Usually I just fish out what I can and declare the bath over. At the most recent bath, though, I took the baby out and let him crawl around naked while I finished up with Stella, and while I had my back turned he xxxxed all over the xxxx and then he xxxxxxed and even managed to xxxxxx. (I have blocked those words out because those of you who are parents, or even those of you who are guinea-pig owners, know exactly what happened next. Those of you who are not parents, I'll preserve your innocence and tell you that while Baby W was crawling around without his diaper on, he, brought me flowers. And then cooked a nice risotto for dinner.)
In other news, I completed a sewing project that did not require pharmaceutical intervention, either in the form of antidepressants or medication for high blood pressure, unlike my previous undertakings! In fact, my earlier sewing projects were so frustrating (and turned out so badly) that I'm surprised Pfizer doesn't directly market a product to address my problem.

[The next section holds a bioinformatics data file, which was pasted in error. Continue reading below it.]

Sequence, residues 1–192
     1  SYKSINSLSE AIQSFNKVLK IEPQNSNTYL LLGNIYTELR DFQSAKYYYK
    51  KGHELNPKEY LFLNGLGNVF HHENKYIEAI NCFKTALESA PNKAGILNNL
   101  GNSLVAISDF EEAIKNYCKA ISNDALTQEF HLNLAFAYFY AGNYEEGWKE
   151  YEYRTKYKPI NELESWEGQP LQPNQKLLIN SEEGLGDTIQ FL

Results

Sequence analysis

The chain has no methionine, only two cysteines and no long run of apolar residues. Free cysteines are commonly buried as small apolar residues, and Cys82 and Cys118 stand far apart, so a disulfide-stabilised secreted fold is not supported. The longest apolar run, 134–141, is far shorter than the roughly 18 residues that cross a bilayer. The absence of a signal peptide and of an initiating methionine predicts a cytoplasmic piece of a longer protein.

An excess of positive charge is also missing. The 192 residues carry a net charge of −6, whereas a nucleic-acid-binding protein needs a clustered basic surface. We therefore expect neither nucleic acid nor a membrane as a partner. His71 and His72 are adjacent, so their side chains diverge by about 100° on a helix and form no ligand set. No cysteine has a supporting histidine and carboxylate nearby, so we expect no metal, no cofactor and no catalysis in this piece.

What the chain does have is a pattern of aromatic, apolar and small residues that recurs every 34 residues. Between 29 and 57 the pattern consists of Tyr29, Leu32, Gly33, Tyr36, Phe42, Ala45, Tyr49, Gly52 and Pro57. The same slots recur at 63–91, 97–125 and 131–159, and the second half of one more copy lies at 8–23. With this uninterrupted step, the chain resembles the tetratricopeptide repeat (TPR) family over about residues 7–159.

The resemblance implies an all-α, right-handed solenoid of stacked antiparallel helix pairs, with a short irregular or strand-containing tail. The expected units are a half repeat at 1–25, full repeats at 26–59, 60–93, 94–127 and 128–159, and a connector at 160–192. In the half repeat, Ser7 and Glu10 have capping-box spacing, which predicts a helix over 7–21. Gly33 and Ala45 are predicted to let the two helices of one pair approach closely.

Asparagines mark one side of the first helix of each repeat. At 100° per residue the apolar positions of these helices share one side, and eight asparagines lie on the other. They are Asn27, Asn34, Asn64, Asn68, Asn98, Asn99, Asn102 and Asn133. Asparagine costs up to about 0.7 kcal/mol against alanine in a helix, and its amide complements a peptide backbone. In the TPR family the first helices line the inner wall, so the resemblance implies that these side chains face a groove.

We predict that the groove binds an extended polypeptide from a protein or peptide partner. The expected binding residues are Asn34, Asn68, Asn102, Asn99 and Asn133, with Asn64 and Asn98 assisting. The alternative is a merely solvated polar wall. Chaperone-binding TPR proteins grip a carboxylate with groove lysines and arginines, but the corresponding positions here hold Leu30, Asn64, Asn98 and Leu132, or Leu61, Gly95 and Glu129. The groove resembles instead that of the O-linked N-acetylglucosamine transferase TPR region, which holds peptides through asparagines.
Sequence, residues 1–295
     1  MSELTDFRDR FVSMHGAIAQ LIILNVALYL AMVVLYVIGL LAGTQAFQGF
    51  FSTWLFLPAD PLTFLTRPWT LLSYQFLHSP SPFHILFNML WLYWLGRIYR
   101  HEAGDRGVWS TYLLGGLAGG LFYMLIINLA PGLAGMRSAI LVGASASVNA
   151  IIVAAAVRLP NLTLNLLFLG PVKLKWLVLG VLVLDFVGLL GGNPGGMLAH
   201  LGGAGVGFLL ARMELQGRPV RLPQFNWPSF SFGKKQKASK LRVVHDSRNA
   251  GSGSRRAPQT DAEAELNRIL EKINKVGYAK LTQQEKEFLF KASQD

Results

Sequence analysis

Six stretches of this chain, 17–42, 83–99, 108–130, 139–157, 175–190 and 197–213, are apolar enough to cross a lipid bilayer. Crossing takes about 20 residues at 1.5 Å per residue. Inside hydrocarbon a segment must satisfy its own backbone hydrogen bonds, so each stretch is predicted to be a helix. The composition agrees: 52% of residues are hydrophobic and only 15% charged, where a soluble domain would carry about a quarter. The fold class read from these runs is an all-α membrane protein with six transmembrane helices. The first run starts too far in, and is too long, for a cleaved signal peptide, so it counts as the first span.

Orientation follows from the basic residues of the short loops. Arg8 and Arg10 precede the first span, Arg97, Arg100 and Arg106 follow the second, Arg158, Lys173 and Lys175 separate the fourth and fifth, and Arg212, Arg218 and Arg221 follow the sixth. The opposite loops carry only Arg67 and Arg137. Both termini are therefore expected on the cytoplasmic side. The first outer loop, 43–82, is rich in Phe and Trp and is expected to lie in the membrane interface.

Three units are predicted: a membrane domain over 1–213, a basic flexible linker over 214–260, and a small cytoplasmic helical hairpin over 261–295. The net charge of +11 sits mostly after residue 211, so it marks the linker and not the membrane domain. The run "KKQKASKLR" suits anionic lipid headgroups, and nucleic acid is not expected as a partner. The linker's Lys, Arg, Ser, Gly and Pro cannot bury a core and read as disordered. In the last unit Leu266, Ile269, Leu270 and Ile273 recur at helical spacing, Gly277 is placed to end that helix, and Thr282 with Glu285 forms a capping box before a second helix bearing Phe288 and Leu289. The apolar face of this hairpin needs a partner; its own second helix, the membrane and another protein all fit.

Here's what I'm thinking: the ad could open with a woman slumped over her sewing machine, with a grim voice-over: "Does learning to sew make you wish you had an alcohol problem? Have you ever called your sewing machine a 'cocksucker'? Do you still have traumatic flashbacks to that time you sewed the wrong sides together, spent half an hour ripping out the seam, and then sewed the wrong sides together again?" [Soothing music, happier voice-over.] Pfizer can help. Try Selvedge, the new drug that can help you say 'Screw learning a new hobby, let's go eat Pringles instead.' Side effects could include showing everyone how you can stick two Pringles chips into your mouth curving opposite ways to make a duck bill, and possibly getting a life (although we wouldn't bet on it)."
I think the reason this project turned out better is NOT that I now have voices in my head talking to me, although I wouldn't mind so long as they helped me read the patterns, but that I chose a much simpler project this time. Choosing the right project seems to be critical to sewing success. In fact, choosing the right project seems to be more important to the success of a sewing project than the actual sewing. So how about I stick to choosing projects and skip the actual stitching? You know, work to my strengths. When I engage in actual sewing, I tend to get a little stressed out and do a lot of muttering under my breath and expose the kids to words that I would just as soon they not learn. Words like xxxxx, xxxx, and worst of all, risotto.